You’ve heard of ‘big in Japan?’ ” Steven Lee Beeber said with a laugh. “I’m big in the other former Axis power.”
Beeber’s book The Heebie-Jeebies at CBGB’s, first published in the United States in 2008, was a bold revision of punk rock history, studying punk as the creation of a bunch of leather-jacketed Jewish boys from Forest Hills, Queens. (…)
German punk fans were into “the wild hair, Johnny Rotten style of look and the screaming and the rebellion, but missing a lot of the humor that was part of that.”
Instead, German audiences have preferred Beeber’s take on the darkness lingering at the heart of punk rock: “I think the disturbing element of punk is what interests them more, maybe for all the right intellectual reasons. So that they do respond in my book to the parts about how punk is a reaction to horror, to the Holocaust.” (…)
The evening does not quite work out the way he had hoped. Everyone, it turns out, is part-Jewish or has Jewish relatives, or at least says they do.
“Apparently Hitler was right,” he remarks, deflated. “We’ve watered down the race considerably.”
Germans’ newfound Jewish roots, real or feigned, are indicative of a society that seeks to embrace the exotic foreigner as a means of partially deflecting their historical guilt.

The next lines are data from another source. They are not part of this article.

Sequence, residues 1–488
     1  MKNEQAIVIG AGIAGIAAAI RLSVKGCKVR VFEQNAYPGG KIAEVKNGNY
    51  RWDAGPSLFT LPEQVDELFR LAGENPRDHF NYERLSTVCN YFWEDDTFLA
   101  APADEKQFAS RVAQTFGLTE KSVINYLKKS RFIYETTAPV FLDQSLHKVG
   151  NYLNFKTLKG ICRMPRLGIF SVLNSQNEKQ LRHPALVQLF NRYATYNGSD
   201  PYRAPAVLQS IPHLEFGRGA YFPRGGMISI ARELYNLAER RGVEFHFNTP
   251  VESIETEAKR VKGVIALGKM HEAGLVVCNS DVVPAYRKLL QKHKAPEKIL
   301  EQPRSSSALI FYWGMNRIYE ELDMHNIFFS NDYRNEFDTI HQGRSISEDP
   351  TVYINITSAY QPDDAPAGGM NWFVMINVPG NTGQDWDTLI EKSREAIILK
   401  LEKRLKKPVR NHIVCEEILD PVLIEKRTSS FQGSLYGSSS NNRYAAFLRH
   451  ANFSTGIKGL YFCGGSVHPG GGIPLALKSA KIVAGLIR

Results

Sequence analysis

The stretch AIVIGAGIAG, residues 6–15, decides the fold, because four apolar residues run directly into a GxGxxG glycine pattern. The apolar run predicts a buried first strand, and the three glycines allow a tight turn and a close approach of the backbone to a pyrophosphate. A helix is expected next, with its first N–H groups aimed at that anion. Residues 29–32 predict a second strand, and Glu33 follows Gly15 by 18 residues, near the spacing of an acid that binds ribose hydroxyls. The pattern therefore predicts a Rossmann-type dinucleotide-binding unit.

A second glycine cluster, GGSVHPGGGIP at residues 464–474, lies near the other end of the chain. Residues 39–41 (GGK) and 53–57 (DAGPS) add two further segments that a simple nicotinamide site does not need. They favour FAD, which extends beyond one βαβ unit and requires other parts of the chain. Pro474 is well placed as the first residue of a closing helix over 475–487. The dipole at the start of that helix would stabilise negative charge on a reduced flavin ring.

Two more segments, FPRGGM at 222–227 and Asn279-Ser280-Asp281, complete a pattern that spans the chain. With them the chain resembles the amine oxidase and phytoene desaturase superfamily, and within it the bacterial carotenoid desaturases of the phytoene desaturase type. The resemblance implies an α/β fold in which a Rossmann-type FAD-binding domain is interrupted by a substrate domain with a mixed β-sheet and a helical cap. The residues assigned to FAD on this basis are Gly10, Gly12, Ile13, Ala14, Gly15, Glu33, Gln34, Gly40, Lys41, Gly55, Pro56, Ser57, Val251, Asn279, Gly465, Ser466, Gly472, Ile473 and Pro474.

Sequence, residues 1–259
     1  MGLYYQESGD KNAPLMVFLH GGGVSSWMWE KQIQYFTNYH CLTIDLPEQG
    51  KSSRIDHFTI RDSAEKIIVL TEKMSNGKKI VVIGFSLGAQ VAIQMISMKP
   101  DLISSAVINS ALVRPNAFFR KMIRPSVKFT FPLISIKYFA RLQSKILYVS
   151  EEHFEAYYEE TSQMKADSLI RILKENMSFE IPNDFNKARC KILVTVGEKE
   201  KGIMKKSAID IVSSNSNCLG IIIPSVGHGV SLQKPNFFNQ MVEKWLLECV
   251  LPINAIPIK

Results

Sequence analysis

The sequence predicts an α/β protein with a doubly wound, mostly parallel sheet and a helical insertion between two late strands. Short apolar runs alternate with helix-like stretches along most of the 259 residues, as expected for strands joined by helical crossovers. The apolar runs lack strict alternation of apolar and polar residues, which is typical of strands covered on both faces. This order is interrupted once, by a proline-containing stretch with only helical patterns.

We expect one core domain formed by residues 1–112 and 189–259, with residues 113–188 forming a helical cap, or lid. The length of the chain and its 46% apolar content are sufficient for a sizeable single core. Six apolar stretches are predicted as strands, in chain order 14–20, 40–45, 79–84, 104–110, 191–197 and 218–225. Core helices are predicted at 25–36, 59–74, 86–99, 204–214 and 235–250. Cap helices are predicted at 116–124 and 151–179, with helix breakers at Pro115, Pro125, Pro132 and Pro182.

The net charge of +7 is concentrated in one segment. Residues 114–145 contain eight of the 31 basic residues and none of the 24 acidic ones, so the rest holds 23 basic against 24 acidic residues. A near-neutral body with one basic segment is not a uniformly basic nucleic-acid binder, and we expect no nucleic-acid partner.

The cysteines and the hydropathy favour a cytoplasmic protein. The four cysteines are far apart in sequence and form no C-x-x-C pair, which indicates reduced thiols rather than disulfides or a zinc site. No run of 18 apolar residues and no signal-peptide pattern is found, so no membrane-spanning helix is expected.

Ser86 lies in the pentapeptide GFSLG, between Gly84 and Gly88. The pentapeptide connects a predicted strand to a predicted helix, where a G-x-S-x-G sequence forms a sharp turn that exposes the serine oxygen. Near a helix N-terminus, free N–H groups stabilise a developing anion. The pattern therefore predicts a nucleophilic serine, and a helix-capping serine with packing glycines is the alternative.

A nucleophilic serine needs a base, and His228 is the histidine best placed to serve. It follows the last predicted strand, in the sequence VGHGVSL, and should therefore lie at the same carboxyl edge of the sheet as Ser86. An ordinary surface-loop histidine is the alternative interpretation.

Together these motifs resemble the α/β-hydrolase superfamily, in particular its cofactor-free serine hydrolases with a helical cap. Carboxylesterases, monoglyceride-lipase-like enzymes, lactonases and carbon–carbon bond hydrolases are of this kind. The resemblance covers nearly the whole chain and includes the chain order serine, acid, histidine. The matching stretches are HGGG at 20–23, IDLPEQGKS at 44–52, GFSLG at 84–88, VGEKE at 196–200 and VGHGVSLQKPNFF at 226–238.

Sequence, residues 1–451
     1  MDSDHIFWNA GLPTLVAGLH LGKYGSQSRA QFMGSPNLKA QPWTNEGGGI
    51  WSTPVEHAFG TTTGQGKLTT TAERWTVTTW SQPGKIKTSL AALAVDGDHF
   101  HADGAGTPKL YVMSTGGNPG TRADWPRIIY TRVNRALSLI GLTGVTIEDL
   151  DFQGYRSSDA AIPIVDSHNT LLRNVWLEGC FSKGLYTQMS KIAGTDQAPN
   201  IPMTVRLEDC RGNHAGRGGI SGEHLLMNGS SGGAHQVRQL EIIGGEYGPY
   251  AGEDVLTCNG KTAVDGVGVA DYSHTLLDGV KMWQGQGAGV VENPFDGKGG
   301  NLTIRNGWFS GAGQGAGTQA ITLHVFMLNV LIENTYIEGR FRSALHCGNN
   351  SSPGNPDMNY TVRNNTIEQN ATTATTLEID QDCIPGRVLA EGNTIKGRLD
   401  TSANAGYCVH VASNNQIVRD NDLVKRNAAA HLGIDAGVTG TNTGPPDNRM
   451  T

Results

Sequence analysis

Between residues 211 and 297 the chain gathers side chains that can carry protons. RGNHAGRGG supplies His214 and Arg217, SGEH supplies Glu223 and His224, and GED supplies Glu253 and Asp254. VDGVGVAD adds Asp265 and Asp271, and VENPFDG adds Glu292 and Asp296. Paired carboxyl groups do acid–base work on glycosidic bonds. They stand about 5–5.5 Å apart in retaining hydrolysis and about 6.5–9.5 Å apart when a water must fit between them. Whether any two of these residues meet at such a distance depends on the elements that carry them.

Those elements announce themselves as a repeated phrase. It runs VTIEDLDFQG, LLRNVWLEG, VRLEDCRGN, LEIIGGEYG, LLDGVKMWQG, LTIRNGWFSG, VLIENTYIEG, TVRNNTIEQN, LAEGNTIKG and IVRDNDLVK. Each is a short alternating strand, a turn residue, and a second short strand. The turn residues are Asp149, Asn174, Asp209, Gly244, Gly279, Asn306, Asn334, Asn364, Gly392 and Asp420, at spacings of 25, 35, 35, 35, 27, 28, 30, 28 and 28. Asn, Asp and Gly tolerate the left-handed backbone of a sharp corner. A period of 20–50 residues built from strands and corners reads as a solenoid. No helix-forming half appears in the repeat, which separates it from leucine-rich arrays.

“Everybody had some sort of Jewish background, somewhere,” says Beeber. “It seemed to me that it was like ‘I couldn’t be part of the horror, because I was on some level a victim. We were one of you.’ ”
When I got chucked out The Clash they couldn’t get it right anymore, and Bernard [Rhodes, Clash manager] would say “No, no do it like Mick!”
When I’d left they were shouting at the new guys and Bernard would turn to Joe and say, “See, Immigrant Blood!” because Bernard had a similar back ground to me, and he believed it was all in the blood [laughs].
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